Marion County’s long-time magistrate judge Mick Jensen will provide a review of 2009/2010 United States and Indiana Supreme Court decisions. Anyone practicing criminal law--particularly in Marion County’s drug courts--can benefit from Magistrate Jensen’s expertise. Seminar includes 1 CLE & NAC.

Plain English Civil Jury Instruction Seminars to be Held

The Indiana Judges Association will be hosting two Indianapolis area seminars on the new plain English civil jury instructions; the morning of October 6 at Primo Hall in Plainfield and the afternoon of October 21 at the Indianapolis Hilton North.

The seminars will focus on why plain English is important, the process used to get the model instructions, and how the new models are part of overall jury reform in Indiana.    Attendees can also examine some of the new models and have the opportunity to question the judges who wrote them.   Three hours of CLE will be offered, including one hour of ethics. The cost of the seminar is $145.00. Online registration opened August 16, 2010 at https://ijc.wufoo.com/forms/say-what-seminars-2010.

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  1. Indiana's seatbelt law is not punishable as a crime. It is an infraction. Apparently some of our Circuit judges have deemed settled law inapplicable if it fails to fit their litmus test of political correctness. Extrapolating to redefine terms of behavior in a violation of immigration law to the entire body of criminal law leaves a smorgasbord of opportunity for judicial mischief.

  2. I wonder if $10 diversions for failure to wear seat belts are considered moral turpitude in federal immigration law like they are under Indiana law? Anyone know?

  3. What a fine article, thank you! I can testify firsthand and by detailed legal reports (at end of this note) as to the dire consequences of rejecting this truth from the fine article above: "The inclusion and expansion of this right [to jury] in Indiana’s Constitution is a clear reflection of our state’s intention to emphasize the importance of every Hoosier’s right to make their case in front of a jury of their peers." Over $20? Every Hoosier? Well then how about when your very vocation is on the line? How about instead of a jury of peers, one faces a bevy of political appointees, mini-czars, who care less about due process of the law than the real czars did? Instead of trial by jury, trial by ideological ordeal run by Orwellian agents? Well that is built into more than a few administrative law committees of the Ind S.Ct., and it is now being weaponized, as is revealed in articles posted at this ezine, to root out post moderns heresies like refusal to stand and pledge allegiance to all things politically correct. My career was burned at the stake for not so saluting, but I think I was just one of the early logs. Due, at least in part, to the removal of the jury from bar admission and bar discipline cases, many more fires will soon be lit. Perhaps one awaits you, dear heretic? Oh, at that Ind. article 12 plank about a remedy at law for every damage done ... ah, well, the founders evidently meant only for those damages done not by the government itself, rabid statists that they were. (Yes, that was sarcasm.) My written reports available here: Denied petition for cert (this time around): http://tinyurl.com/zdmawmw Denied petition for cert (from the 2009 denial and five year banishment): http://tinyurl.com/zcypybh Related, not written by me: Amicus brief: http://tinyurl.com/hvh7qgp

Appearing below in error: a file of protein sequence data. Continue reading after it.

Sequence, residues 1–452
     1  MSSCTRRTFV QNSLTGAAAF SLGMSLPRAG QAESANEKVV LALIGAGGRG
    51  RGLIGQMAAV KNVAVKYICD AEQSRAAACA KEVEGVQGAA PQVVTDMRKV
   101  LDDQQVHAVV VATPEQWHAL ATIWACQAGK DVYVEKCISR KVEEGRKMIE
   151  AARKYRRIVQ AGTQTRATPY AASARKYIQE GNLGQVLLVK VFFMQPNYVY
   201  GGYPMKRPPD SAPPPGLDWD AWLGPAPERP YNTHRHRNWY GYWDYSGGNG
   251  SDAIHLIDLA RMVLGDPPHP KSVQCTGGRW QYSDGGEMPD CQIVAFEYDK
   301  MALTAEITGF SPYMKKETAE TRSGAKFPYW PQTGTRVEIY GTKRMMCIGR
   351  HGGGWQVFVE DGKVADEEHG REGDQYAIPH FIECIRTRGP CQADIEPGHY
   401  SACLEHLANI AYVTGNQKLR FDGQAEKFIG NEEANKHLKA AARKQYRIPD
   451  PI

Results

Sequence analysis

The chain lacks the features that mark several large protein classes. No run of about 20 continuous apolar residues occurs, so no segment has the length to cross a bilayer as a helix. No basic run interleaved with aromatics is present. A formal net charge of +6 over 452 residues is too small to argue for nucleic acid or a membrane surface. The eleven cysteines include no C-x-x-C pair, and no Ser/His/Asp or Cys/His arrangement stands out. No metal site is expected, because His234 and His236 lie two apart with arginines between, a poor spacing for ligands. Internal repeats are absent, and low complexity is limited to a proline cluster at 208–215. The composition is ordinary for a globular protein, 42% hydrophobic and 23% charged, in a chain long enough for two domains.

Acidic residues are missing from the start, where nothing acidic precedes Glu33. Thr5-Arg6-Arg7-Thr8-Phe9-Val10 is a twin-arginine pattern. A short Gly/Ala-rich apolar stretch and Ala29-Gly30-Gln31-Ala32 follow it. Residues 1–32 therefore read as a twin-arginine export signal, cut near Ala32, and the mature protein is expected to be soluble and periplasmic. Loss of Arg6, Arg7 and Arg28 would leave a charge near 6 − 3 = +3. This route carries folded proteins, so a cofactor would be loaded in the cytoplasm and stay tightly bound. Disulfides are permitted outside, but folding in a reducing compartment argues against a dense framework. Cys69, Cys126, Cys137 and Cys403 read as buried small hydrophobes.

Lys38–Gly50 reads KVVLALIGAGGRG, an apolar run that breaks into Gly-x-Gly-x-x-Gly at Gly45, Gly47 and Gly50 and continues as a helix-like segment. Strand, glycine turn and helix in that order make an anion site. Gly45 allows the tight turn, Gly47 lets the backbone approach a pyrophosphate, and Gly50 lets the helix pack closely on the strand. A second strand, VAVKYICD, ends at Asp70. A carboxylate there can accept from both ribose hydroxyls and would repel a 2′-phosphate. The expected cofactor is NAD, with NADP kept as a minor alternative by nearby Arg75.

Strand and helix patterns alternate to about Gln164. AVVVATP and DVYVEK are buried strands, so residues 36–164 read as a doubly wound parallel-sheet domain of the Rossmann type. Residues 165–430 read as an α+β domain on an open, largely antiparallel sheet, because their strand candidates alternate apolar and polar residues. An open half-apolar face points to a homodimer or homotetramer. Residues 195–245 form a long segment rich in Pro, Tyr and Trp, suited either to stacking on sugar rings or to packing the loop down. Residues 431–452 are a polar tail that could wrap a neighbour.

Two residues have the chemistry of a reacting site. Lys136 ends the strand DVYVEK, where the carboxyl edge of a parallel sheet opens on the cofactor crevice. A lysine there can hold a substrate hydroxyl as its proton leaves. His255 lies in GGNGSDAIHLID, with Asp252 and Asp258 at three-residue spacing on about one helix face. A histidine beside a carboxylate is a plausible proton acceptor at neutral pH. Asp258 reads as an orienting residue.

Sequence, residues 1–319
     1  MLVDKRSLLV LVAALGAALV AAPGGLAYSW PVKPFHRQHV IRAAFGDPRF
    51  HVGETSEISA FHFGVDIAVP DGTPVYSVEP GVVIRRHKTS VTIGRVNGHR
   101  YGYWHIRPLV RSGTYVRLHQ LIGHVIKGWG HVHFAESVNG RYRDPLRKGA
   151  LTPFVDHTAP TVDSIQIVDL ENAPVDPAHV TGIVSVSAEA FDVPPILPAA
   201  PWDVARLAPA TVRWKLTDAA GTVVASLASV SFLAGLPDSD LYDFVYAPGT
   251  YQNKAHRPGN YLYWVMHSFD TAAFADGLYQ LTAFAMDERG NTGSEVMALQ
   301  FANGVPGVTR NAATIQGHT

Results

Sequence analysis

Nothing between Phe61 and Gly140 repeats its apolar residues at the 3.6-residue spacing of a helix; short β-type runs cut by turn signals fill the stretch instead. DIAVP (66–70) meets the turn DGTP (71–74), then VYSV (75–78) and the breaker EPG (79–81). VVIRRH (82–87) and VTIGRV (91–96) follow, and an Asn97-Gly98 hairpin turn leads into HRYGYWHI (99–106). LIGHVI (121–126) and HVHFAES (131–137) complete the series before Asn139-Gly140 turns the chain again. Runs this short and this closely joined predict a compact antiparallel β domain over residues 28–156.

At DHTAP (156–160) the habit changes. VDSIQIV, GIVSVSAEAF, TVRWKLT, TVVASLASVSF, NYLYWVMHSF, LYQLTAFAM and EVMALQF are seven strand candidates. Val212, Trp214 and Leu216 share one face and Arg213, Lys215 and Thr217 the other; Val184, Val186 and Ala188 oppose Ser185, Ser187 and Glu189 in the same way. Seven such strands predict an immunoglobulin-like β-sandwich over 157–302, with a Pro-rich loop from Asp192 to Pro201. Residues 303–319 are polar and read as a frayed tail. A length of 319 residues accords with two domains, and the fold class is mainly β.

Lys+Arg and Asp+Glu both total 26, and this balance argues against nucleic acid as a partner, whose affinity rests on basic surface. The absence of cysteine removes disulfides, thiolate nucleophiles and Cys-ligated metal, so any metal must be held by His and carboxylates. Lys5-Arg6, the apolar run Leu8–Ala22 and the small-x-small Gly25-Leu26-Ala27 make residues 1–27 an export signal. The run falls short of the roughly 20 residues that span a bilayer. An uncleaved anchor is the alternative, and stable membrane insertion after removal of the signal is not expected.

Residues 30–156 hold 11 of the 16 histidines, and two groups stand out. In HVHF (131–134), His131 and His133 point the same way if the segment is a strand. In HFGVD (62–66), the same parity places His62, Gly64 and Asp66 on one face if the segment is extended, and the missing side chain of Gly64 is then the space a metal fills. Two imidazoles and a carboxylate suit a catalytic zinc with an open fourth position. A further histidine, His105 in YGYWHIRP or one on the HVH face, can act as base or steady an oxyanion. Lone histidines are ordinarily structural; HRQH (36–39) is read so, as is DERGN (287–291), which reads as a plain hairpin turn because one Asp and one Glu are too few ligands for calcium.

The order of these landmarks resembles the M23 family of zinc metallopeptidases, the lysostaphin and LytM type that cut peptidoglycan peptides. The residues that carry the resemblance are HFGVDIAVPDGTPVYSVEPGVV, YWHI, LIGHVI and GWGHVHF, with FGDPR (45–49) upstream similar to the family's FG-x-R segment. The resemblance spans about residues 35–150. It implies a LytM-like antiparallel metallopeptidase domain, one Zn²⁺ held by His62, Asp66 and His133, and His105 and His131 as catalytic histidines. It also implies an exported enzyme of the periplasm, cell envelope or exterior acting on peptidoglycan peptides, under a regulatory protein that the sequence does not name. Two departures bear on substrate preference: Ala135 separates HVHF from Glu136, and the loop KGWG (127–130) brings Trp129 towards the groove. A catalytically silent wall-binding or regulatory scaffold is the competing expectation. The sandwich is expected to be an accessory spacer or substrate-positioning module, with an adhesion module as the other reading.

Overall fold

4. Justice has finally been served. So glad that Dr. Ley can finally sleep peacefully at night knowing the truth has finally come to the surface.

  5. While this right is guaranteed by our Constitution, it has in recent years been hampered by insurance companies, i.e.; the practice of the plaintiff's own insurance company intervening in an action and filing a lien against any proceeds paid to their insured. In essence, causing an additional financial hurdle for a plaintiff to overcome at trial in terms of overall award. In a very real sense an injured party in exercise of their right to trial by jury may be the only party in a cause that would end up with zero compensation.